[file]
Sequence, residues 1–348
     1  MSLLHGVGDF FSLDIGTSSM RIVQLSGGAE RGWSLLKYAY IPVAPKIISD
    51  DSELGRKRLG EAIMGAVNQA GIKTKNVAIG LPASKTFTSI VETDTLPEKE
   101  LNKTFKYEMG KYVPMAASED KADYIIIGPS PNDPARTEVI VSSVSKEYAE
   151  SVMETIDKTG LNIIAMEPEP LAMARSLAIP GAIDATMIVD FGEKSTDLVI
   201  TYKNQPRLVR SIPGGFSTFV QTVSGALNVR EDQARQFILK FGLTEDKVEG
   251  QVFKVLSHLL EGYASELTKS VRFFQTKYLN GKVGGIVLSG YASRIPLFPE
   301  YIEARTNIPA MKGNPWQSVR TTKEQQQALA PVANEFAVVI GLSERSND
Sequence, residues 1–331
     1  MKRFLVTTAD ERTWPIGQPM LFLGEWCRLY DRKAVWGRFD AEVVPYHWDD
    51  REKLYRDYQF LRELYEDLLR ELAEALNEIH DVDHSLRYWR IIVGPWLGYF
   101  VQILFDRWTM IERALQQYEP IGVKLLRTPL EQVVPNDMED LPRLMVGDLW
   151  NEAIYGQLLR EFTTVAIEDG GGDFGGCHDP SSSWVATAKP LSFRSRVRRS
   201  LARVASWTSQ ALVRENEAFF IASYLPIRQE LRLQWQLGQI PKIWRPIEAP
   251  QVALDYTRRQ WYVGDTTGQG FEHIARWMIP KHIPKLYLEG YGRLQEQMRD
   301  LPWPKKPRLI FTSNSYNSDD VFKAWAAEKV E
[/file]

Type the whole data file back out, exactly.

Sequence, residues 1–348
     1  MSLLHGVGDF FSLDIGTSSM RIVQLSGGAE RGWSLLKYAY IPVAPKIISD
    51  DSELGRKRLG EAIMGAVNQA GIKTKNVAIG LPASKTFTSI VETDTLPEKE
   101  LNKTFKYEMG KYVPMAASED KADYIIIGPS PNDPARTEVI VSSVSKEYAE
   151  SVMETIDKTG LNIIAMEPEP LAMARSLAIP GAIDATMIVD FGEKSTDLVI
   201  TYKNQPRLVR SIPGGFSTFV QTVSGALNVR EDQARQFILK FGLTEDKVEG
   251  QVFKVLSHLL EGYASELTKS VRFFQTKYLN GKVGGIVLSG YASRIPLFPE
   301  YIEARTNIPA MKGNPWQSVR TTKEQQQALA PVANEFAVVI GLSERSND
Sequence, residues 1–331
     1  MKRFLVTTAD ERTWPIGQPM LFLGEWCRLY DRKAVWGRFD AEVVPYHWDD
    51  REKLYRDYQF LRELYEDLLR ELAEALNEIH DVDHSLRYWR IIVGPWLGYF
   101  VQILFDRWTM IERALQQYEP IGVKLLRTPL EQVVPNDMED LPRLMVGDLW
   151  NEAIYGQLLR EFTTVAIEDG GGDFGGCHDP SSSWVATAKP LSFRSRVRRS
   201  LARVASWTSQ ALVRENEAFF IASYLPIRQE LRLQWQLGQI PKIWRPIEAP
   251  QVALDYTRRQ WYVGDTTGQG FEHIARWMIP KHIPKLYLEG YGRLQEQMRD
   301  LPWPKKPRLI FTSNSYNSDD VFKAWAAEKV E